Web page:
Transcript

Claude Steele

Why Are Campuses So Tense?

In Struggle: SNCC and the Black Awakening of the 1960s


man·i·fold /ˈmanəˌfōld/ many and various.

In mathematics, a manifold is a topological space that locally resembles Euclidean space near each point.

Steve Hsu and Corey Washington have been friends for almost 30 years, and between them hold PhDs in Neuroscience, Philosophy, and Theoretical Physics. Join them for wide ranging and unfiltered conversations with leading writers, scientists, technologists, academics, entrepreneurs, investors, and more.

Steve Hsu is VP for Research and Professor of Theoretical Physics at Michigan State University. He is also a researcher in computational genomics and founder of several Silicon Valley startups, ranging from information security to biotech. Educated at Caltech and Berkeley, he was a Harvard Junior Fellow and held faculty positions at Yale and the University of Oregon before joining MSU.

Corey Washington is Director of Analytics in the Office of Research and Innovation at Michigan State University. He was educated at Amherst College and MIT before receiving a PhD in Philosophy from Stanford and a PhD in a Neuroscience from Columbia. He held faculty positions at the University Washington and the University of Maryland. Prior to MSU, Corey worked as a biotech consultant and is founder of a medical diagnostics startup.

Wednesday, March 18, 2020

COVID-19: Some US estimates -- the knife's edge


My lower bound on current number of cases in the US (March 18): tens of thousands. Positive test results are just the tip of the iceberg.

The unconstrained doubling time is roughly 3 days. Some recent estimates of this timescale by country (note these are trailing estimates): Japan is ~10 days, S. Korea ~16, PRC ~36 days currently. Most European countries are at 3-4 days, although these estimates are unreliable as the increase is mainly due to wider testing and does not capture growth rate very well.

In Michigan we've closed K-12 schools and universities, as well as bars, restaurants, gyms, etc. I would guess that the doubling time has been increased to ~7 or 10 days by these measures.

Medical system overload will happen for sure at ~1 million total cases in the US, based on 5% of cases requiring intensive care, and total ICU capacity (~50k) in the US. Local regions may go into crisis much earlier, in particular dense urban regions that are more cosmopolitan than the US as a whole. The threshold is roughly 0.3 percent of population infected -- only a few per thousand!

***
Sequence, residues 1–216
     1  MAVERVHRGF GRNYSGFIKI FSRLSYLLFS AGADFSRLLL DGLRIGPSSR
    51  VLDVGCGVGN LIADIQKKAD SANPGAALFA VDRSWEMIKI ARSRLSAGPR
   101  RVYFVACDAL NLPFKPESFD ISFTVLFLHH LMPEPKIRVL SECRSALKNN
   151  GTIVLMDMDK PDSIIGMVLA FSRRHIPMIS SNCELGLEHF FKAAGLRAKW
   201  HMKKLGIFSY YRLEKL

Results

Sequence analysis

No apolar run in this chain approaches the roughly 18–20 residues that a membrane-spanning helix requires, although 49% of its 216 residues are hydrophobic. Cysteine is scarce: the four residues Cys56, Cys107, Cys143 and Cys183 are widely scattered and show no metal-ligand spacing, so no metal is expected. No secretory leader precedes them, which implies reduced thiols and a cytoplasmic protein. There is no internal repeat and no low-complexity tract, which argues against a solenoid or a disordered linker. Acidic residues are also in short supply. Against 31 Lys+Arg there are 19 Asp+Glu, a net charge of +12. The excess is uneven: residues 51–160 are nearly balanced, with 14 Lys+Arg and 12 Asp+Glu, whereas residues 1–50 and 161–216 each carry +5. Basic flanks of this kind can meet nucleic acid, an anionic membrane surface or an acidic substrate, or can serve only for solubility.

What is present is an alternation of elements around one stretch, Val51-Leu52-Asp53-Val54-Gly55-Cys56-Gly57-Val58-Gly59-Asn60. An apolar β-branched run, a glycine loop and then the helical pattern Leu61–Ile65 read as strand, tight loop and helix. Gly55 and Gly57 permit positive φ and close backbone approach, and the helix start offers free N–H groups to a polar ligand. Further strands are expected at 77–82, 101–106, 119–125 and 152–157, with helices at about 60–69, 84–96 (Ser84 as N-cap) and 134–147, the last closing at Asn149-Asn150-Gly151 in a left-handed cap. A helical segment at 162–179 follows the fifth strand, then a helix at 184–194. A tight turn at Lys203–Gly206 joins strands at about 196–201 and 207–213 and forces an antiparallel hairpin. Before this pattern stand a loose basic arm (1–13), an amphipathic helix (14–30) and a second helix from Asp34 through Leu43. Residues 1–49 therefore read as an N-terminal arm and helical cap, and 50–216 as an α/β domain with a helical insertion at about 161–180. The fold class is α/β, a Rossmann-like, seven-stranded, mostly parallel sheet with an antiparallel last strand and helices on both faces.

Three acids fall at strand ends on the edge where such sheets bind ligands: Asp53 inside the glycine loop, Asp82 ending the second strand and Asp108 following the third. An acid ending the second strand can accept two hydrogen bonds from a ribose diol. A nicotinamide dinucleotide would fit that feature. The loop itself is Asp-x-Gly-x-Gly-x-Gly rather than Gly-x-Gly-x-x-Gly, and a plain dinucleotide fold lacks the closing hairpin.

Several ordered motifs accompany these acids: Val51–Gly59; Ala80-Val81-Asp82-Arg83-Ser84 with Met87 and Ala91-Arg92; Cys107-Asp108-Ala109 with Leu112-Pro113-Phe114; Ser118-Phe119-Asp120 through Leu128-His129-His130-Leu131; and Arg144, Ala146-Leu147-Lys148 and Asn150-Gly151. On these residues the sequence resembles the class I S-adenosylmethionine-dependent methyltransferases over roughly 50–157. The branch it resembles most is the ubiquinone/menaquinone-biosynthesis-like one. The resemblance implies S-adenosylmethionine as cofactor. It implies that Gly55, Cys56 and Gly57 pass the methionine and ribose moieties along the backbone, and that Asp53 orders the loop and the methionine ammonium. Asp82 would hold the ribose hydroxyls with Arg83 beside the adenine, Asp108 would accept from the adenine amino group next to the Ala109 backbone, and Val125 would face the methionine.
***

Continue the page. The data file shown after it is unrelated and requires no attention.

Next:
Overload may happen much earlier -- hospital systems run at over 90% occupancy. So most spaces are already filled by sick people. The numbers above might be optimistic by an order of magnitude -- perhaps 100k total cases in US, or 0.03 percent of local population infected will lead to at least some health system crises.

Another factor contributing to early overload is exhaustion of protective equipment for medical personnel (already starting to happen in some places like WA) and eventual sickness of those personnel.

Best case: Widespread US crisis after another (3-5) doublings:  2^3 to 2^5 more cases. Assuming the whole country adopts isolation measures as in Michigan: roughly 30 days until widespread crises. I suspect we will see localized crises much sooner.

How might things turn out better?

Warm weather plus isolation measures push doubling time to 14 or even 20 days. Even in the best case this won't apply throughout the whole country, so still expect problems in some regions.

Earlier posts: COVID-19 Notes , COVID-19 Update: Developing Countries and Flattening the US Curve.


The figures below are from this NYTimes article describing a Harvard analysis similar to the one above. Note in the first figure the solid yellow line is crossed in all scenarios very early on -- i.e., +1 or 2 months. Overloaded ICUs are likely in the near future.



Sunday, March 15, 2020